But Ms Alibhai-Brown has a column in a national newspaper, Claude. That’s not an elected position, but IMHO a rather more weighty one. Should she have the grace to take the inevitable incoming flak?

Dave

Agree with your take, roughly.

A crass claim by Alibhai Brown (surprise!), a crass tweet – though no worse than any number of other jokes, a crass decision to arrest, and even crasser if they prosecute.

Matt

“Cllr Compton is an elected representative, a politician, someone who holds public responsibilities. Quite simply he should be held accountable for the idiotic “joke” he publicly posted.”

Agreed, but that should not be up to the police but to a body such as Standards for England. And he will be held accountable at the next local elections.

I agree entirely. If people want to get him sacked for saying offensive things, then that’s a matter for Conservative central office, his local party and his constituents. It is not a matter for the police.

come on claude, that’s a bit excessive. how many examples do you think could be found of some left-wing politician wishing some sort of poetic justice on warmonger Blair for example. am I to believe you’d take the same line with them?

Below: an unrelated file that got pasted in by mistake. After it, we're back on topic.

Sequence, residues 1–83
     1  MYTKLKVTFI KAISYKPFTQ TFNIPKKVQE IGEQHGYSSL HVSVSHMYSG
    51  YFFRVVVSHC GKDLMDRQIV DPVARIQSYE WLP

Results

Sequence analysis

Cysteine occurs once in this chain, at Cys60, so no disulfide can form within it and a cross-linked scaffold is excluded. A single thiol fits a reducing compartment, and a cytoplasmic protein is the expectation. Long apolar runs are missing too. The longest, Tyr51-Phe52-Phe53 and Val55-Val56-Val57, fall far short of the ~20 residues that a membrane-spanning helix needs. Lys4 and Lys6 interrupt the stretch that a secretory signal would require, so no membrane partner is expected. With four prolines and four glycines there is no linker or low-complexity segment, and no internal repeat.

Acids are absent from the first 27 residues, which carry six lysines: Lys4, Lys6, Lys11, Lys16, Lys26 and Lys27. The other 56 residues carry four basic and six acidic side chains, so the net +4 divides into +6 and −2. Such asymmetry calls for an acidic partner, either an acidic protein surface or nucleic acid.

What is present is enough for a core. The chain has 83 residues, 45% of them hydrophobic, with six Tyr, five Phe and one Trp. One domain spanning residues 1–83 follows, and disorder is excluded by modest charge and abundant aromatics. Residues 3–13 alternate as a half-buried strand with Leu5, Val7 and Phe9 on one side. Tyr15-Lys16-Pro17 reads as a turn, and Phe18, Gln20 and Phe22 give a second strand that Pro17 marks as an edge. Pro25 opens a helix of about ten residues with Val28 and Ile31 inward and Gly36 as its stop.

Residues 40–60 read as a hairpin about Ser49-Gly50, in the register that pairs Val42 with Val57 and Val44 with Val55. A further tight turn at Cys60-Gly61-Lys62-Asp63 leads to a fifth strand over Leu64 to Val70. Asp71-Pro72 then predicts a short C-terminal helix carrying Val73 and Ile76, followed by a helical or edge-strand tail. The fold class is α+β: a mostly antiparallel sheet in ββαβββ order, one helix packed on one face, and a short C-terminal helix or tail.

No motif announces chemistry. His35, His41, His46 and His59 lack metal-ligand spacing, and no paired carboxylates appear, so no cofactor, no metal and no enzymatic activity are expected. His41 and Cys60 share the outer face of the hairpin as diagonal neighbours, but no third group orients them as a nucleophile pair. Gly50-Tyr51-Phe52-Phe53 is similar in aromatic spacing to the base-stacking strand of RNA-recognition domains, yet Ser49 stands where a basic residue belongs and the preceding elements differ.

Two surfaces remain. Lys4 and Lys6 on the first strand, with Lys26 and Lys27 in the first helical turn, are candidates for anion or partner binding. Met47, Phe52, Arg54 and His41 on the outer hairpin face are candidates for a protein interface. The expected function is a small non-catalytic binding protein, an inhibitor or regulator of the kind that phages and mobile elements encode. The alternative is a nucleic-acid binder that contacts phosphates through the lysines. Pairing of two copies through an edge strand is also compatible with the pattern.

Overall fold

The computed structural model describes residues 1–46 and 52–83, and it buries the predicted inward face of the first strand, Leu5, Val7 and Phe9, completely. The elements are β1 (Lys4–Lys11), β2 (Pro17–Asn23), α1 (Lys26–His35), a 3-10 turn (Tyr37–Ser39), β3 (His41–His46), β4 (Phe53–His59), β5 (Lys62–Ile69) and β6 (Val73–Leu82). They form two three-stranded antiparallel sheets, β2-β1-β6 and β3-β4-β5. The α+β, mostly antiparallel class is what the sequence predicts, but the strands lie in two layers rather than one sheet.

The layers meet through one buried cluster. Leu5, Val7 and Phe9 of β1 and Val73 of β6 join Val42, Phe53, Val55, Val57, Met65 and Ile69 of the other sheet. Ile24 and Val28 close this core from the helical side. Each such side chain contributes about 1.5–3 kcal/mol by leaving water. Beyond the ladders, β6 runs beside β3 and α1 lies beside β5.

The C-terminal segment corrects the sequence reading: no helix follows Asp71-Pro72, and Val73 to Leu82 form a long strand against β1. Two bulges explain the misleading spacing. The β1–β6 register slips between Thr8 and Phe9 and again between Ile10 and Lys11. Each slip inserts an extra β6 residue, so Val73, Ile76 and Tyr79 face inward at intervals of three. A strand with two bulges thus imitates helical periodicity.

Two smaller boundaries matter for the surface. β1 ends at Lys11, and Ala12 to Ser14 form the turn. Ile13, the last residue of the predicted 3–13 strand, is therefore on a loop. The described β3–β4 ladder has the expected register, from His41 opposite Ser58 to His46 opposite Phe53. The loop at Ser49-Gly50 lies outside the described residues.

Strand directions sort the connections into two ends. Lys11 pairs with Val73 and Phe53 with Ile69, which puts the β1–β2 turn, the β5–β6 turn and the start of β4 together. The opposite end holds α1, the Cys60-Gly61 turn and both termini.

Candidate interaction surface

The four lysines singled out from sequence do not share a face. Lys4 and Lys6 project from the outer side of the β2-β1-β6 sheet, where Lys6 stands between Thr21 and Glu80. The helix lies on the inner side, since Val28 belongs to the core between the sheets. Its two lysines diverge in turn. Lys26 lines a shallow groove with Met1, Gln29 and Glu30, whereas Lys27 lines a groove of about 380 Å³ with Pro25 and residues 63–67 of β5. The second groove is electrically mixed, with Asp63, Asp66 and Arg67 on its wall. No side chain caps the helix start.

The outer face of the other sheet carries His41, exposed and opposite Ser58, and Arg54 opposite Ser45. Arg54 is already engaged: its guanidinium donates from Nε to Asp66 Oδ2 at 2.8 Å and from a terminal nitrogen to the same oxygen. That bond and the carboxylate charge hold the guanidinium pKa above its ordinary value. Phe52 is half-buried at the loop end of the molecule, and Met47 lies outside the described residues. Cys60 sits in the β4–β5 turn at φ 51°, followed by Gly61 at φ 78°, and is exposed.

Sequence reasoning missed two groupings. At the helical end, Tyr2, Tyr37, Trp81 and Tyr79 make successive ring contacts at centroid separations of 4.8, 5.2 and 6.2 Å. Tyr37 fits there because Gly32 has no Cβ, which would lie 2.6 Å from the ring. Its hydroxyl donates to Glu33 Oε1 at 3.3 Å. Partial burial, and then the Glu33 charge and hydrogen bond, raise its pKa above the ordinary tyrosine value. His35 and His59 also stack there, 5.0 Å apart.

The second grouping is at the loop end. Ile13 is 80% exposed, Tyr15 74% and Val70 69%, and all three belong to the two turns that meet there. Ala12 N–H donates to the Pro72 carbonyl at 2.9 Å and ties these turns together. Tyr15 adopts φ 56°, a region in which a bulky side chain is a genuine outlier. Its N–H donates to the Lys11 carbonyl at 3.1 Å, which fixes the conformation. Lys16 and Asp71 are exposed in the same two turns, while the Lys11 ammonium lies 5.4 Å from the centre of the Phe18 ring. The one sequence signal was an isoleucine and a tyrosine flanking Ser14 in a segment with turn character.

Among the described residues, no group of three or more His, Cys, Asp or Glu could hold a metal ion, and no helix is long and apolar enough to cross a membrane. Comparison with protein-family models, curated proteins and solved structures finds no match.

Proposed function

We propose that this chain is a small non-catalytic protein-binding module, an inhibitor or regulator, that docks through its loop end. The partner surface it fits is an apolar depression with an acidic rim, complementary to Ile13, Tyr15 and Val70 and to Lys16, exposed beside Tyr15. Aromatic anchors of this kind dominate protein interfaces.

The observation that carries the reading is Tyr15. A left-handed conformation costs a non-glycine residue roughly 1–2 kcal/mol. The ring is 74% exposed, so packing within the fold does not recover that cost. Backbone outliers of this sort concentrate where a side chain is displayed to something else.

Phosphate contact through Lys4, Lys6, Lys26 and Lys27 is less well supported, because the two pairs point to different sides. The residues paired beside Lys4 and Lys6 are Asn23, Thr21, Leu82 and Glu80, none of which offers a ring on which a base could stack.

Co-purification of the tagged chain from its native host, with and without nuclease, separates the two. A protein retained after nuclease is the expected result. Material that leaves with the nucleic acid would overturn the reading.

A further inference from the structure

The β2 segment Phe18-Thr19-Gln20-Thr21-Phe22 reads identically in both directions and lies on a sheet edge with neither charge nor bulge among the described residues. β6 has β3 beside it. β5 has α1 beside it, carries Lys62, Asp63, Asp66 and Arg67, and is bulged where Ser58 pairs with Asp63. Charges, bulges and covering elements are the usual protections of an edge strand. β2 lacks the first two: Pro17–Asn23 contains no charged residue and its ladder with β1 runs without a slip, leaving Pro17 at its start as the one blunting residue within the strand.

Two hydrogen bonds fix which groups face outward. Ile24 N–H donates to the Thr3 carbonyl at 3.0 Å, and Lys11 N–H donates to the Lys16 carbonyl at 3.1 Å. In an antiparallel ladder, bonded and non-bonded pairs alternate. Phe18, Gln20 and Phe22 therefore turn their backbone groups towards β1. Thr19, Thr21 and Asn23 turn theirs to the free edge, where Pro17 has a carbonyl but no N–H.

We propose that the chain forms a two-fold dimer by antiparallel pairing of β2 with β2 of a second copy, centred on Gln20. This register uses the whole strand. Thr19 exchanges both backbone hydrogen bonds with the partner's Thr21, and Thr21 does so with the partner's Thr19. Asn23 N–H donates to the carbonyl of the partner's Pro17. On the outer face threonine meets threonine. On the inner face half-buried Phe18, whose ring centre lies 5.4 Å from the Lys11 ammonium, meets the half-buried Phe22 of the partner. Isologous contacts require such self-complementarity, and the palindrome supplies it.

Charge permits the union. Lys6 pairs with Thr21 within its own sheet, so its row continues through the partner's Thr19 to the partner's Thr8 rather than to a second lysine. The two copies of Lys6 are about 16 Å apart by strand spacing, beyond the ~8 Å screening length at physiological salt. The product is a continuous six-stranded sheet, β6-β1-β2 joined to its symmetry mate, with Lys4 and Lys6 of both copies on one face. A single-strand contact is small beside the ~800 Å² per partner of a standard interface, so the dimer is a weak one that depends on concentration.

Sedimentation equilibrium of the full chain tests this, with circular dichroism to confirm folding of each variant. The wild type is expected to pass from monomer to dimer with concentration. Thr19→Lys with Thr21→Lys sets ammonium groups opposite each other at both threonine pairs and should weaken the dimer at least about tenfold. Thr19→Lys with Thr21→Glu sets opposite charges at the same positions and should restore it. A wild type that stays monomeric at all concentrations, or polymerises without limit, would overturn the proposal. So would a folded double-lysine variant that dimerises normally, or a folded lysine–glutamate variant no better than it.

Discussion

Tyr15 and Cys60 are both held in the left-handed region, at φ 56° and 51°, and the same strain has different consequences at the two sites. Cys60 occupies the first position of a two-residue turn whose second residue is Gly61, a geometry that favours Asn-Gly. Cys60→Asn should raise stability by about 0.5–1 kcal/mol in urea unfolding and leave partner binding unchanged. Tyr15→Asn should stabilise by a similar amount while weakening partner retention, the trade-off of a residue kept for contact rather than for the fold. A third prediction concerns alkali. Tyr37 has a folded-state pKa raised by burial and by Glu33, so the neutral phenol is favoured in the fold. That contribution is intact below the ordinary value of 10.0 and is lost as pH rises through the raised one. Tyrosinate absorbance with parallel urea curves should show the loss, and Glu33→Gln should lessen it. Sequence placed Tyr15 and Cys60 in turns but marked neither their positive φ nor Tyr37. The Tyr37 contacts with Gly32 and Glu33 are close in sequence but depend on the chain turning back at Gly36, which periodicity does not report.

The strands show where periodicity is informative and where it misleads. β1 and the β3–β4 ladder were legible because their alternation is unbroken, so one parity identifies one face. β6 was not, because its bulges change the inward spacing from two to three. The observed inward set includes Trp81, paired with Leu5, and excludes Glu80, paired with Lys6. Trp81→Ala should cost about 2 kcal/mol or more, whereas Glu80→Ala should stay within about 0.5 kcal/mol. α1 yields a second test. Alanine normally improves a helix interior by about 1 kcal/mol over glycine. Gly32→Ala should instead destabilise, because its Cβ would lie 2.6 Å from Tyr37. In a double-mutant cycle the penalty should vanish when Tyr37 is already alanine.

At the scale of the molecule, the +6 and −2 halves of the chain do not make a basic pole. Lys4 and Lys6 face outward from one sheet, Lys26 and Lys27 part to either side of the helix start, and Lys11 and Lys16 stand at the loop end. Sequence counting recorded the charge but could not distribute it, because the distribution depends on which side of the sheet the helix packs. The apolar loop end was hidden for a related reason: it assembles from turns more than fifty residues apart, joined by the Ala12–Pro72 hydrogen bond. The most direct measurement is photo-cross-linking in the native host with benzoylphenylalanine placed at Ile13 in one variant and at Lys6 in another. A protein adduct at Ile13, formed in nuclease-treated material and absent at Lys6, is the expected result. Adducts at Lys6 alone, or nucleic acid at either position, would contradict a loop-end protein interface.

Quite simply he should be held accountable for the idiotic “joke” he publicly posted.

Sure. Does it merit being arrested, though?

While I recognise that this tweet was meant as a tasteless joke rather than a serious threat, I don’t think publicly wishing for the killing of anybody ought to be acceptable. Perhaps it would be a waste of time and money to prosecute in this case, but if it stops people making these kinds of comments in future, some good might come of it. (And no, before someone asks, I don’t approve of left-wingers encouraging people to kill Blair/Thatcher/Cameron either.)

I agree that Alibhai-Brown’s initial comments were pretty offensive and repugnant themselves, though, and don’t see how she can claim any kind of moral high ground here.

While I recognise that this tweet was meant as a tasteless joke rather than a serious threat, I don’t think publicly wishing for the killing of anybody ought to be acceptable.

Should they be criminal though? I remember during the Old Trafford test of 2005 texting someone ‘someone please shoot Ricky Ponting’. Is that really an incitement to murder? It’s a more or less exact comparison with this chap’s tweet about YAB.